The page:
the Pueblo Indians of New Mexico are: PUEBLO STORYTELLER, by Diane
Hoyt- Goldsmith; PUEBLO BOY: GROWING UP IN TWO WORLDS, by Marcia Keegan;
and CHILDREN OF CLAY, by Rina Swentzell.
Posters That Show Native American Children In Contemporary Contexts,
especially when teaching younger elementary children. When selecting
historical posters for use with older children, make certain that
the posters are culturally authentic and that you know enough about
the tribe depicted to share authentic information with your students.
"Persona" Dolls (dolls with different skin colors) in the
dramatic play area of the classroom on a daily basis. Dress them in
the same clothing (t-shirts, jeans) children in the United States
typically wear and bring out special clothing (for example, manta,
shawl, moccasins, turquoise jewelry for Pueblo girls) for dolls only
on special days.
Ethnic Foods but be careful not to imply that all members of a particular
group eat a specific food.
Specific About Which Tribes Use Particular Items, when discussing
cultural artifacts (such as clothing or housing) and traditional foods.
The Plains tribes use feathered headdresses, for example, but not
all other tribes use them.
A Thanksgiving Poster Depicting The Traditional, Stereotyped Pilgrim
And Indian Figures, especially when teaching older elementary school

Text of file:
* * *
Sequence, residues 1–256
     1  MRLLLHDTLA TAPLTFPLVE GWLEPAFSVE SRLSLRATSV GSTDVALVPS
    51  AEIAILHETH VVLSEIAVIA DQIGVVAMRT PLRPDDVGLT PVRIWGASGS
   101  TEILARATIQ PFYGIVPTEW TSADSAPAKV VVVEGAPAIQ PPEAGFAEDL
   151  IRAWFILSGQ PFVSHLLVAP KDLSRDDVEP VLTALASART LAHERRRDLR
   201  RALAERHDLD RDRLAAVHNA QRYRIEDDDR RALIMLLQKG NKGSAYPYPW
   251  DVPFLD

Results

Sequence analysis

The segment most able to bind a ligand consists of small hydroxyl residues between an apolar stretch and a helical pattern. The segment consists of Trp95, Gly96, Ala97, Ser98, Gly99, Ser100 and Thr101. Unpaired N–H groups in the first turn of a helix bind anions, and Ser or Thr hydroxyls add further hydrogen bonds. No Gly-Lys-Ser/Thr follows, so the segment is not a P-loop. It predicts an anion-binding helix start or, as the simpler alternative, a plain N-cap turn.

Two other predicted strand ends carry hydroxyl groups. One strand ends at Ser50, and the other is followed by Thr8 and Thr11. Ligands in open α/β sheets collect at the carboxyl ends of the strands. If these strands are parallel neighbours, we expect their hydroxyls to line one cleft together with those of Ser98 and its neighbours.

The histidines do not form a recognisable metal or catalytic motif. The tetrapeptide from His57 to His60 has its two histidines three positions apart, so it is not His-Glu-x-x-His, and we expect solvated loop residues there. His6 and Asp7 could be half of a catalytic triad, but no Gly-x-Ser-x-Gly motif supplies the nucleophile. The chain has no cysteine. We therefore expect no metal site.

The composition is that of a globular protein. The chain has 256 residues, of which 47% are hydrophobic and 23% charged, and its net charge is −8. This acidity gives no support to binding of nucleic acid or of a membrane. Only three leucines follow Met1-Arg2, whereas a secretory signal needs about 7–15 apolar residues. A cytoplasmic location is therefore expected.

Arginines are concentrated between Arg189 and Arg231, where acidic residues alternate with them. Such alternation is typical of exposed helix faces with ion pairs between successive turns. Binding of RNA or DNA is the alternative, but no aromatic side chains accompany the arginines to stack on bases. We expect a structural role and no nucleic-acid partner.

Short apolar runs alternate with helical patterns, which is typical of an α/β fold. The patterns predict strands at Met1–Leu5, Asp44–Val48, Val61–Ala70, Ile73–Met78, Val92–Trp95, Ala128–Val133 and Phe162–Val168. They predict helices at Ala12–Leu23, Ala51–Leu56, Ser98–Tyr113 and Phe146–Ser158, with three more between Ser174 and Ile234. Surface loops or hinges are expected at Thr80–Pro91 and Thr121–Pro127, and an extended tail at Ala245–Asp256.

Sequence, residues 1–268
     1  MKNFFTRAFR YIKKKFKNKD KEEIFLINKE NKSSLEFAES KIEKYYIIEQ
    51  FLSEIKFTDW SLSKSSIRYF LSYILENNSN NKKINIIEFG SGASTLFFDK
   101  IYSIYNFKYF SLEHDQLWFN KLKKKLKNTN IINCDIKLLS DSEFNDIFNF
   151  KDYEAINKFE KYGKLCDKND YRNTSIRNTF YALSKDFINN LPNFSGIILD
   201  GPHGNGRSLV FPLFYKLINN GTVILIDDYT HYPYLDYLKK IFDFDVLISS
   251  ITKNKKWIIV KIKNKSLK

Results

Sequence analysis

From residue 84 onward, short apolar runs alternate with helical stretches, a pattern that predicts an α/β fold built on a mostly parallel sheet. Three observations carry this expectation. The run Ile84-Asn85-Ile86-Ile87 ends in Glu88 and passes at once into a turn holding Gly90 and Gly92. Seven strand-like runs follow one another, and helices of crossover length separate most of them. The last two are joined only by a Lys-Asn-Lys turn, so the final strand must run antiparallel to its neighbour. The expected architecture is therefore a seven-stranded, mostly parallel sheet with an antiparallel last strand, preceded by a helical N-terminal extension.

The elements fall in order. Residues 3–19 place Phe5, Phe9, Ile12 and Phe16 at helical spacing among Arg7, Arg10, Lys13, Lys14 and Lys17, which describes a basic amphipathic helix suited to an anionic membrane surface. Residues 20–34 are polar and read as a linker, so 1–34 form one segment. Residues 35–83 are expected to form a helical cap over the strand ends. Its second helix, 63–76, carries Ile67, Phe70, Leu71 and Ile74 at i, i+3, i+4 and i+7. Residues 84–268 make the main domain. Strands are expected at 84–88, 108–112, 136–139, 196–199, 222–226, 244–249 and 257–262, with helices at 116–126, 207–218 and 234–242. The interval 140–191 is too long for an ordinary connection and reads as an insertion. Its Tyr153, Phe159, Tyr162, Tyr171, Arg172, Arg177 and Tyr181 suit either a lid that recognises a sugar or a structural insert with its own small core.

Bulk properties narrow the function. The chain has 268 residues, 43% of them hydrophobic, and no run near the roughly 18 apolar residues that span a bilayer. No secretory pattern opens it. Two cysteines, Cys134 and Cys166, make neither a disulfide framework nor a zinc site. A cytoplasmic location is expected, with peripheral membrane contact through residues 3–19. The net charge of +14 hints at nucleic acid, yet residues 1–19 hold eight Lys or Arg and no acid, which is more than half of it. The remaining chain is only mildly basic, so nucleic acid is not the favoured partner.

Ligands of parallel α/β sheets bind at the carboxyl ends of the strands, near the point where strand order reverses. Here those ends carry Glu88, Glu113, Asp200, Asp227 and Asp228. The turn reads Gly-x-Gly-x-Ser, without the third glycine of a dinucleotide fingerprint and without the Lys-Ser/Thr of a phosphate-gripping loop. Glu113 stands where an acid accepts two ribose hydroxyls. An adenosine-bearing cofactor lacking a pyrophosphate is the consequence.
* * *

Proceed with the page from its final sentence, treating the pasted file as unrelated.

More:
children. Take care to select a picture that most children are familiar
with, such as those shown on grocery bags or holiday greeting cards.
Critically analyze the poster, noting the many tribes the artist has
combined into one general image that fails to provide accurate information
about any single tribe
Thanksgiving, Shift The Focus Away From Reenacting The "First
Thanksgiving." Instead, focus on items children can be thankful
for in their own lives, and on their families' celebrations of Thanksgiving
using these strategies in their classrooms, teachers need to educate themselves.
MacCann (1993) notes that stereotyping is not always obvious to people
surrounded by mainstream culture. Numerous guidelines have been prepared
to aid in the selection of materials that work against stereotypes (for
example, see Slapin and Seale 1992 ).
Practices To Avoid
Avoid Using Over-Generalized Books, curriculum guides, and lesson plans;
and teaching kits with a "Native American" theme. Although the
goal of these materials is to teach about other cultures in positive ways,
most of the materials group Native Americans too broadly. When seeking
out materials, look for those which focus on a single tribe.
The "Tourist Curriculum" as described by Derman-Sparks. This
kind of curriculum teaches predominantly through celebrations and seasonal